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'small sacrifice' Sacrificing our social lives now is a small price to pay for a safe Christmas

'Isn't helping others what Christmas is all about?'

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Stock photo

Stock photo

The government has today announced that the Cabinet has agreed to introduce a new curfew for the hospitality sector.

From Thursday, restaurants, bars, and nightclubs will be forced to close at midnight.

Meanwhile, Covid-19 vaccination passports will be required to attend the cinema or a theatre. The government has also urged people to take personal responsibility and to reduce socialising.

The new measures will also mean that people will be urged to return to working from home where possible, while household close contacts, even if vaccinated, will have to restrict their movements for five days, pending the outcome of three antigen tests.

Although the measures have come as a blow to the hospitality sector and to the young people who have only recently been able to socialise with one another again, the new rules are important to ensure that Christmas can go ahead as normally as possible.

With friends and family members abroad pinning their hopes on coming home to visit, as well as grandparents and at risk loved ones hoping that they can see their family this Christmas - isn’t curbing our social lives the least we can do?

Although many of us feel that the Government has had almost two years to turn the tide on Covid-19, to prevent not only a fourth wave, but also a repeat of last December, this is the situation we are in now, and we must do whatever we can.

This Christmas is meant to be the first time my partner’s sister gets to come home after she moved abroad in 2019. After spending a very upsetting Christmas without her last year, I can’t help but worry that the rise in Covid cases will stop her and many other young people from returning home to these shores to see their loved ones for the first time since the world was upended by the pandemic.

One of my family members spent most of 2020 cocooning, and so last December my partner and I decided to self-isolate for 10 days before Christmas to ensure their safety.

We didn’t get to celebrate the lead up to Christmas by having drinks with friends, shopping for presents and soaking up the festivities.

This year, thanks to the successful rollout of vaccines, I didn’t think we would be in the same situation, but with rising case numbers, and even those vaccinated contracting the disease, I am worried we may need to take the same precautions ahead of this Christmas.

While that for us is a small sacrifice to make, as our hospitals approach breaking point, I feel forced to consider what the actions we take now will mean to our society as a whole. Hospitals are facing a surge in patients attending A&E, with rising levels of people with Covid once again being admitted to hospital and further to ICU beds.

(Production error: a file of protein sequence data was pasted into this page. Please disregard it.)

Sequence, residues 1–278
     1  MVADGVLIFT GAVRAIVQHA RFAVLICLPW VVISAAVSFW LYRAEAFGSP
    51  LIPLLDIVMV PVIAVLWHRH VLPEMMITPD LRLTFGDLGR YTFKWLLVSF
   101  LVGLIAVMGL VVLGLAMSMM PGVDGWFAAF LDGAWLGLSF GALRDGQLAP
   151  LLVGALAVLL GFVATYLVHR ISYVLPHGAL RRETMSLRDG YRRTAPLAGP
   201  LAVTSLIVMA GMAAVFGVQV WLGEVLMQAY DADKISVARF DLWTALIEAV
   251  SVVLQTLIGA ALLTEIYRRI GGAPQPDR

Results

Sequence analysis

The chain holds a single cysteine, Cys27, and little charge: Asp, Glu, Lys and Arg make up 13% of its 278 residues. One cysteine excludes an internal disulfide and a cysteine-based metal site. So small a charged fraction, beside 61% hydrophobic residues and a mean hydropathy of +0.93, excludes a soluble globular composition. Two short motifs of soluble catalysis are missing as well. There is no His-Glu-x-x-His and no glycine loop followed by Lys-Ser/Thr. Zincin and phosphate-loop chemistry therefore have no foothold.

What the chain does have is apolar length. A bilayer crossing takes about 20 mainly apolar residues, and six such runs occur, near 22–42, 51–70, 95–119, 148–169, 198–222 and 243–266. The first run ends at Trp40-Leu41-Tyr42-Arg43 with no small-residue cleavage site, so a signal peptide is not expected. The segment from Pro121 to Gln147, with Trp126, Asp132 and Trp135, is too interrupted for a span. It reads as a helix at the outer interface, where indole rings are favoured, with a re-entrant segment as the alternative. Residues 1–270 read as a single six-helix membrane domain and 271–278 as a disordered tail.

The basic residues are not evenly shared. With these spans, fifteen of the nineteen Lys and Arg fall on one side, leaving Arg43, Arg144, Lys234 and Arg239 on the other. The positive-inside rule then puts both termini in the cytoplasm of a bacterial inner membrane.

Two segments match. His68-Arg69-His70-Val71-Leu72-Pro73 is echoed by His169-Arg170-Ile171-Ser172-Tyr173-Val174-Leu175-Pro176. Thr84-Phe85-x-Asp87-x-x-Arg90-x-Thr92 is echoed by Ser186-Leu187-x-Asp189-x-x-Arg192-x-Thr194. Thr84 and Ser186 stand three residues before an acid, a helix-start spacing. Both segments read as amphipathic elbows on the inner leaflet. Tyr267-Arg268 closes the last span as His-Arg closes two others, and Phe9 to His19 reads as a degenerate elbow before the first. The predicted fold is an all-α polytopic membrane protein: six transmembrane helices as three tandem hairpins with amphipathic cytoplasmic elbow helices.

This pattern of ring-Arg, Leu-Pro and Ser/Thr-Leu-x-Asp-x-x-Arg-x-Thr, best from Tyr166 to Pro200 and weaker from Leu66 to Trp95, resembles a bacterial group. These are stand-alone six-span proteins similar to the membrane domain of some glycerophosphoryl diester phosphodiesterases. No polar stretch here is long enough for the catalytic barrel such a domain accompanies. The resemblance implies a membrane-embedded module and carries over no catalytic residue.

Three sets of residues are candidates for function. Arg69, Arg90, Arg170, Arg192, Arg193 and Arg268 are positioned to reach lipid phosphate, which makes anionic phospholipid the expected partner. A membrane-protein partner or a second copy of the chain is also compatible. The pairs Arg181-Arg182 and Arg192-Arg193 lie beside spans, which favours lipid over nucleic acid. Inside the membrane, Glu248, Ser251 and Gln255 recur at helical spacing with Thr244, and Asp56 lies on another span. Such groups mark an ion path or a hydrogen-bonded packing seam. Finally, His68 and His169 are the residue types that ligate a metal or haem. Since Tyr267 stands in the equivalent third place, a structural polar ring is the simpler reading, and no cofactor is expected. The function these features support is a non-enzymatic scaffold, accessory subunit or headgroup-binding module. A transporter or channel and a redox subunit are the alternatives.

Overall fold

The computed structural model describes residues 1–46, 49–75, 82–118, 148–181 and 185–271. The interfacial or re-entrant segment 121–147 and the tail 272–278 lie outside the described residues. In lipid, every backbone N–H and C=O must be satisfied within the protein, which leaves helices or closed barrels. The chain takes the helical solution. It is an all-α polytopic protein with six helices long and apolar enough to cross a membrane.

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There are over 5,000 families who have lost loved ones along the way. Many people have not been able to spend time with their loved ones in their final days.

I’m lucky I haven’t had this experience, but many of my friends have.

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Arslan, son of Dr. Syed Waqqar Ali, celebrates his 21st Birthday without his beloved dad.

Arslan, son of Dr. Syed Waqqar Ali, celebrates his 21st Birthday without his beloved dad.

Arslan, son of Dr. Syed Waqqar Ali, celebrates his 21st Birthday without his beloved dad.

One story that has stuck with me throughout the pandemic is that of Dr Syed Waqqar Ali. A doctor from the Mater Hospital who died after contracting Covid while working on the front line in the hospital’s emergency department. He showed up for work in April 2020 and never left.

Three months later in July, his family unknowingly had their final video call with him. He died in hospital, alone without his family getting a chance to properly say goodbye. When his family came to get his car from the hospital’s car park, they found Easter eggs that he had bought, piled up in the back of the car for his young daughter. A man adored by his children and his patients, Dr Ali was buried two days later on his 60th birthday.

Beyond what we owe to our loved ones to keep them safe, and to turn the tide so they get home for the festive season, it’s about doing the best we can for everyone else, even if that means making sacrifices.

Isn’t that what the spirit of Christmas is all about?

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